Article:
Building the A4

By the summer of 1936, Nazi Germany was preparing for war. A new test rocket, the A3, was in development, but the pressure to produce a practical missile for warfare was growing. The result was an outline for the A4, a massive rocket that would scale up all their existing systems. Dornberger suggested that it should be able to carry a 100-kg (220-lb) explosive warhead over more than 260km (160 miles).

Tests of the A3 began in late 1937. This was a much more powerful rocket than its predecessors, developing 1,500kg (3,300lb) of thrust at launch and capable of burning for up to 45 seconds. A small tank of liquid nitrogen, heated so it evaporated into high-pressure gas, was used to force propellant into the engine at high speed. The A3 also incorporated a guidance system of gyroscopes and accelerometers. Although this had practical problems, the theory was sound - the first use of a technique still in use today.

The A4's gestation was a long one - and fortunately for the Allies, its debut was partly delayed by Germany's own military hierarchy. The success of the Blitzkrieg attacks of 1939 and 1940 made the Army so convinced of its superiority that it opted to cut back on funding to Dornberger's project. But building an engine with a thrust of 25,000kg (55,1251b) was also a massive technical challenge. The

PEENEMÜNDE RAID

Their suspicions aroused by aerial photographs and Polish resistance reports, the Allies launched air raids against Peenemünde in August 1943.

main problem for the scientists was how to force fuel into the combustion chamber at a fast enough rate to produce the required thrust. The solution was a high-speed turbopump, powered by the fierce chemical reaction of hydrogen peroxide and potassium permanganate. In the meantime, other systems were tested on a new research rocket, called the A5. By the time the first A4 successfully launched, on 3 October 1942, Germany's hopes for a swift war had been dashed and much was expected of the new weapon. This was soon to have a new name.

THE FIRST MISSILE

The A4 is the ancestor of all other liquid-fuelled rockets, including most modern ballistic missiles and space launch vehicles. To this day, rocket technology still follows the same principles set out by the A4 team.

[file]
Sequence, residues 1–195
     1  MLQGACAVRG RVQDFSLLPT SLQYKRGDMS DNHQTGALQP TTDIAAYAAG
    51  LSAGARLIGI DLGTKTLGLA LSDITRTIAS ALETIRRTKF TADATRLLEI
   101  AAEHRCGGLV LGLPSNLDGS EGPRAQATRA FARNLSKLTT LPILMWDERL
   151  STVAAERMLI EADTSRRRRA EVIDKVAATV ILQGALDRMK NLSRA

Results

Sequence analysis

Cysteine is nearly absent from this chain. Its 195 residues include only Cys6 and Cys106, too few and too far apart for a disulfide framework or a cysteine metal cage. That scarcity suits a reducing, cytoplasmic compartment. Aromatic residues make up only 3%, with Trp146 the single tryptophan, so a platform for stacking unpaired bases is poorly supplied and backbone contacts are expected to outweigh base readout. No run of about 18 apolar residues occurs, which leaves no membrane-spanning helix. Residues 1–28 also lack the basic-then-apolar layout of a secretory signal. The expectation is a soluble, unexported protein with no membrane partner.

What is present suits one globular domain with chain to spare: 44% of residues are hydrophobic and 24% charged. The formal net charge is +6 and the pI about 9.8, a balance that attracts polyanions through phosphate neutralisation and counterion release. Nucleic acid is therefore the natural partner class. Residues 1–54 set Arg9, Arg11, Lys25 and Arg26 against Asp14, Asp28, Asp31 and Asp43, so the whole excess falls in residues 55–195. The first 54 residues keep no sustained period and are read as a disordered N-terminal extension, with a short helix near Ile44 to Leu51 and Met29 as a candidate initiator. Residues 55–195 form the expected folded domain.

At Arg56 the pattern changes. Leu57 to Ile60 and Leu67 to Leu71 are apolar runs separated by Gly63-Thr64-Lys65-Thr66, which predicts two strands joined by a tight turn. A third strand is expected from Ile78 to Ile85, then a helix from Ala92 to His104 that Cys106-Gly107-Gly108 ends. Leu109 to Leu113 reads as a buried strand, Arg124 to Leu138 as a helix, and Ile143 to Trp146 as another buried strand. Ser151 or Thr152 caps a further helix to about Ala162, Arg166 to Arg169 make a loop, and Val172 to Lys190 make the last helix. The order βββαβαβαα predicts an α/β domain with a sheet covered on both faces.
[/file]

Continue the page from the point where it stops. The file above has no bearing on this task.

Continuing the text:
TESTING KIT

This box of electronics was used for pre-launch tests on A4 rockets. Generally the launch sequence was triggered from inside an armoured vehicle or blockhouse close to the launch site, with all other personnel kept back at a safe distance.

explosive warhead oxygen container automatic gyroscopic guidance hydrogen peroxide container aerodynamic rudder

container for alcohol-water guidance beam and radio control apparautus fuel turbopumps explosive warhead container for alcohol-water oxygen container main combustion chamber graphite steering vane automatic gyroscopic guidance guidance beam and radio control apparautus hydrogen peroxide container fuel turbopumps aerodynamic rudder

GUIDANCE GYROSCOPES

The later A-series rockets used several gyroscopes and accelerometers to calculate the rocket's precise trajectory, speed, and distance travelled, so that it could be guided using steering vanes that deflected the exhaust.

GUIDANCE GYROSCOPES

The later A-series rockets used several gyroscopes and accelerometers to calculate the rocket's precise trajectory, speed, and distance travelled, so that it could be guided using steering vanes that deflected the exhaust.

MOBILE LAUNCHER

One reason for delays to the V-2 entering service was the need to develop a transport system for it. The rockets had to be fuelled and transported from Nordhousen to forward units via the rail network before they came within range of the enemy cities.

The missile goes to war